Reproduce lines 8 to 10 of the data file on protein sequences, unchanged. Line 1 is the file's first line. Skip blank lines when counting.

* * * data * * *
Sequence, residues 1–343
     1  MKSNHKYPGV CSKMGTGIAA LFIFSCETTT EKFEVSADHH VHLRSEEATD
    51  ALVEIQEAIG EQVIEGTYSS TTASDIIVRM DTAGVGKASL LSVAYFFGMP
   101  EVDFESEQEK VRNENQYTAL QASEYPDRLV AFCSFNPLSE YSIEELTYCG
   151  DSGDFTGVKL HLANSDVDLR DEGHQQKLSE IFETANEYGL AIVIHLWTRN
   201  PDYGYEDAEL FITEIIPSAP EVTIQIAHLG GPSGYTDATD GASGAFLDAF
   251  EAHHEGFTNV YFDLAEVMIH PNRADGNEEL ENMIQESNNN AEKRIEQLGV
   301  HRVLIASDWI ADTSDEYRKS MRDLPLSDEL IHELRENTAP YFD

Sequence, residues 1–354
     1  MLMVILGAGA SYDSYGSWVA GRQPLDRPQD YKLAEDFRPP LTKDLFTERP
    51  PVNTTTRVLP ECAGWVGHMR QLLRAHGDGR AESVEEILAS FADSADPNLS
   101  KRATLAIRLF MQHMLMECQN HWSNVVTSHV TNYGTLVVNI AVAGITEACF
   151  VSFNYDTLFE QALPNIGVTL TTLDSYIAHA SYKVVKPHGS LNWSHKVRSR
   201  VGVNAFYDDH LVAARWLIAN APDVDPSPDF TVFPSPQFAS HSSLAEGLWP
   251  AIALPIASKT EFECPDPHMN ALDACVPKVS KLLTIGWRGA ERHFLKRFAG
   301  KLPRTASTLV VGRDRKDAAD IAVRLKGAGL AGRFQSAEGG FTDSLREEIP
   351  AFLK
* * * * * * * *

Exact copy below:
   301  HRVLIASDWI ADTSDEYRKS MRDLPLSDEL IHELRENTAP YFD

Sequence, residues 1–354
     1  MLMVILGAGA SYDSYGSWVA GRQPLDRPQD YKLAEDFRPP LTKDLFTERP